Improved minimally invasive surgical technique, careful preoperative preparation, tissue sealers, tranexamic acid, platelet concentrate with thrombin, irrigation with epinephrine solution, and selective use of cell savers have all contributed to eliminating the need for transfusion. Only a few years ago, the national transfusion rate for joint replacement was in excess of 30%. Mine has been zero for over 10 years.

The physicians at Midlands Orthopaedics & Neurosurgery will ensure the most comprehensive approach to help find relief for you in the quickest way possible.

hip preservation

Pain Management for Joint Replacement and Hip Preservation

Pain management has also dramatically improved in the last two decades. Multimodal pain management starting preemptively with a combination of maximum-dose Tylenol, anti-inflammatory meds, ice therapy, platelet concentrate, long-acting local anesthetic injections, and oral slow and fast-release narcotics has totally changed the surgical experience for patients. Using short-acting blocks (spinal, lumbar plexus, or femoral-sciatic) that wear off quickly after the surgery means patients usually do not experience much pain in the process. While the anesthetic wears off in the recovery room, the nurse gradually dials in any necessary narcotic. With an anesthetic block, this transition out of surgery is usually quite smooth, and this is the last time injectable narcotics are required. Patients are able to walk out of the surgery center and ride home very comfortably after several hours. Narcotics are usually only required for 3–5 days for hips and 2-3 weeks for knees.

Patients with certain comorbidities can sometimes be accommodated with an additional overnight observation period in our center. If the comorbidities are too severe the surgery must still be done in hospital.


Your content goes here. Edit or remove this text inline or in the module Content settings. You can also style every aspect of this content in the module Design settings and even apply custom CSS to this text in the module Advanced settings.

Handling Infections After Joint Replacement

Infection is one of the worst complications to arise from a joint replacement. Despite our best efforts, no operation is truly sterile. Some bacteria enter the wound during every surgery. Usually, the human immune system can eradicate these and prevent infection. If an artificial implant is present, it is harder for the immune system to do its job. Then, after the surgery, it is a race for the skin to totally seal and prevent bacteria on the skin from entering and creating an infection. Infection that develops by one of these two methods is called a perioperative infection, because there is no way of knowing exactly how the bugs got in. Hospitals and surgery centers are required to report to the government any joint replacement infections that develop by three months post op. This captures many perioperative infections, but really a year is needed to be sure.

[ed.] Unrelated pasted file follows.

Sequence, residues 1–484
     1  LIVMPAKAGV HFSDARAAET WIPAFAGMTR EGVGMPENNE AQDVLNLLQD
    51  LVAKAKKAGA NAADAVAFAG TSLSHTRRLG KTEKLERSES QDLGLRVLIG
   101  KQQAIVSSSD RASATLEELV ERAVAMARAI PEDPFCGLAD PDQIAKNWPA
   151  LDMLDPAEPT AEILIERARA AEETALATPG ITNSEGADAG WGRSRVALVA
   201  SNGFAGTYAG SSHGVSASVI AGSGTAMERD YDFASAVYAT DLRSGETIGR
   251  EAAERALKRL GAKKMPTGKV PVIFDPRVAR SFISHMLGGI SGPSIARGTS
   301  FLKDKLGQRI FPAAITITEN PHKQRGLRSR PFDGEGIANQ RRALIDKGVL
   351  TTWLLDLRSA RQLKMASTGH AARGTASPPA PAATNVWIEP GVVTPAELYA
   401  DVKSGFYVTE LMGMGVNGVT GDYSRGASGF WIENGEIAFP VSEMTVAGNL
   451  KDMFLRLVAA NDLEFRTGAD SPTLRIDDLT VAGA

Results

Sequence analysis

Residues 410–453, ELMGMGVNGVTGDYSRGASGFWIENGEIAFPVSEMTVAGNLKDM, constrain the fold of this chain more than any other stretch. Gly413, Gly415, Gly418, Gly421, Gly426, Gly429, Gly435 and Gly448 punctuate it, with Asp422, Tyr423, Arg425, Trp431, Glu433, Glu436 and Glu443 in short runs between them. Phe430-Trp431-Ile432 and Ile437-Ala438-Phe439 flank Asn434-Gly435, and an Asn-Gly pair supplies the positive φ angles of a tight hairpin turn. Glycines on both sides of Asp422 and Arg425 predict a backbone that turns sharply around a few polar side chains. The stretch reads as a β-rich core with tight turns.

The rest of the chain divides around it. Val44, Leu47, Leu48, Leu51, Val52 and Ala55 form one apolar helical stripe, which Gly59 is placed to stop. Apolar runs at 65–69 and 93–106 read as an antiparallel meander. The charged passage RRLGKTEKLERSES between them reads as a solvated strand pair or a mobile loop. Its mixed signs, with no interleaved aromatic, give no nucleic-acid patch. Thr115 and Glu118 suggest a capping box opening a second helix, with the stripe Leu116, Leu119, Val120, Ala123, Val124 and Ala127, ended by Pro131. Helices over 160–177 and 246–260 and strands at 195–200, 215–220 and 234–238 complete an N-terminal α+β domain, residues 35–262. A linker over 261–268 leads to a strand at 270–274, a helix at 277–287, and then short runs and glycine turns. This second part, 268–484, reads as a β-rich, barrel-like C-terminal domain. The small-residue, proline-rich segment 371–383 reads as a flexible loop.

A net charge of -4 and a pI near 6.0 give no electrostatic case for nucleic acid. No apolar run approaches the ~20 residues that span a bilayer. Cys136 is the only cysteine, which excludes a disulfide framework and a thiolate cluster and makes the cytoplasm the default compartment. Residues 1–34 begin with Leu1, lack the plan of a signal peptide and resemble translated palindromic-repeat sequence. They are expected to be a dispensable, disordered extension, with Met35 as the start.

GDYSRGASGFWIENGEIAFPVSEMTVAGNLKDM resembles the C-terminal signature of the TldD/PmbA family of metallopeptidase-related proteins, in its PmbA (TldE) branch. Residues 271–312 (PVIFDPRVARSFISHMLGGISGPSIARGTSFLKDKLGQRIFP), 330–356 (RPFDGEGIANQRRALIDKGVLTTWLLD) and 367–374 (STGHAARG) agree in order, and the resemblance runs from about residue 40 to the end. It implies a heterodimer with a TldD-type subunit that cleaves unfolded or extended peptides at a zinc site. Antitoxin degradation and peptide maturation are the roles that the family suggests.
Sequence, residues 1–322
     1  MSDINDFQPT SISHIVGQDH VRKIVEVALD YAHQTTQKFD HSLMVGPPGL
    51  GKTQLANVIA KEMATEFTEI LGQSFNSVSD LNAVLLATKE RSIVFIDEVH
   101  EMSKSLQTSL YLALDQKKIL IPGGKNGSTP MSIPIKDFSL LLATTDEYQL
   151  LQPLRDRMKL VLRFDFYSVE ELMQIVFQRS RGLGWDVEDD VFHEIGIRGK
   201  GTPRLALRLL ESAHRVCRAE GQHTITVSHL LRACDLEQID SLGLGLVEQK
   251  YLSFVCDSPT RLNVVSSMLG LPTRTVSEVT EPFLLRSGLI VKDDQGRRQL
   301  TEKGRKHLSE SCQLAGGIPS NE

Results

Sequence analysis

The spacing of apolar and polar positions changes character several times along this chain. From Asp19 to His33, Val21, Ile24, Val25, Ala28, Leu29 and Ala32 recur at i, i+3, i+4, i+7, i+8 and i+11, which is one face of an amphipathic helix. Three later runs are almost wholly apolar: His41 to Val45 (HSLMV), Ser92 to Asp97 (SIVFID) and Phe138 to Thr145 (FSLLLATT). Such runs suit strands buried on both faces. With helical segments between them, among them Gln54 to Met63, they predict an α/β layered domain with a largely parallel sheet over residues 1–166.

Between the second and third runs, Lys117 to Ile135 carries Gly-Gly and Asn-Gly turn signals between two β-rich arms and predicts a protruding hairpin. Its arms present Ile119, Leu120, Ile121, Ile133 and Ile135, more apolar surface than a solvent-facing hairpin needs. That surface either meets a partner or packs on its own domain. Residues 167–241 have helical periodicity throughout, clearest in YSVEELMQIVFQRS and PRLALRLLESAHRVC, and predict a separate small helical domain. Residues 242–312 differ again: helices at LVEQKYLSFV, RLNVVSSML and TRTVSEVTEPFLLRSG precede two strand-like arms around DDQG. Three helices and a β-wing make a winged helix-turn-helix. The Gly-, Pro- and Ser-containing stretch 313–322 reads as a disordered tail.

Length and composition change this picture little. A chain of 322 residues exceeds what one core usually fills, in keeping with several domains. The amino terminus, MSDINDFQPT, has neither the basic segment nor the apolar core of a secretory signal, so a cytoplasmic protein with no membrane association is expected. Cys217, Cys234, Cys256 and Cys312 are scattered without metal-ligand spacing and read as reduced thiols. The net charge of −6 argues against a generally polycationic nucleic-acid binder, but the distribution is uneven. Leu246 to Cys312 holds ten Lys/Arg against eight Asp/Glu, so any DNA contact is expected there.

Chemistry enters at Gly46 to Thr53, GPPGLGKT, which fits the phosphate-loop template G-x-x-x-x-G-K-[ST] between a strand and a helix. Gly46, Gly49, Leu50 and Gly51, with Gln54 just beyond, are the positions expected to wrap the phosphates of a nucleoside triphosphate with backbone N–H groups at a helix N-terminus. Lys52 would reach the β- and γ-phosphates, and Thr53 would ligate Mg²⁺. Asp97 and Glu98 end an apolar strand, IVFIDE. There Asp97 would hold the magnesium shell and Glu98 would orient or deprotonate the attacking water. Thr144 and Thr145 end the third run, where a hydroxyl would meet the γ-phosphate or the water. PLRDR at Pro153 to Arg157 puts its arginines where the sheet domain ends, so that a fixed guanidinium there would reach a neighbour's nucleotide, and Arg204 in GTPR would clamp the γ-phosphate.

Rarely, infection can still spread to the joint at any time in your life from an infection elsewhere in the body through the bloodstream. Infections that occur after 1 year are late infections; they are NOT perioperative. They are not caused by the operation itself and are not under the control of the surgeon. Fortunately, they are rare.

We focus on the 3-month and 1-year perioperative infection rate because the surgeon has control of this. The 3-month perioperative infection rate at our center is well below 1%. You can find online data for any hospital but not by surgeon. From scientific studies we estimate that the national benchmark 1-year infection rate is approximately 2.5% and growing. Hospitals and surgery centers don’t collect 1-year data. Our personal rate for the last 10 years has been 0.1%. One factor that allows me to have a 1-year infection rate 25 times lower than the national benchmark is the fact that this surgery is performed mostly at a surgery center and not a hospital where sick patients bring in lots of bacteria.

Infection Prevention

Infection in joint replacement is a major problem. The infection rate varies widely among surgeons, hospitals and types of major surgeries. The national deep infection rate for joint replacement is 1-2%. Numerous factors affect this rate. Revision surgeries carry a higher rate of infection. Transfusion increases the infection rate. Patient factors such as obesity, diabetes, smoking, and various immunosuppressive conditions or medications increase the rate of infection. Long hospital stays and rehab facility stays increase the risk.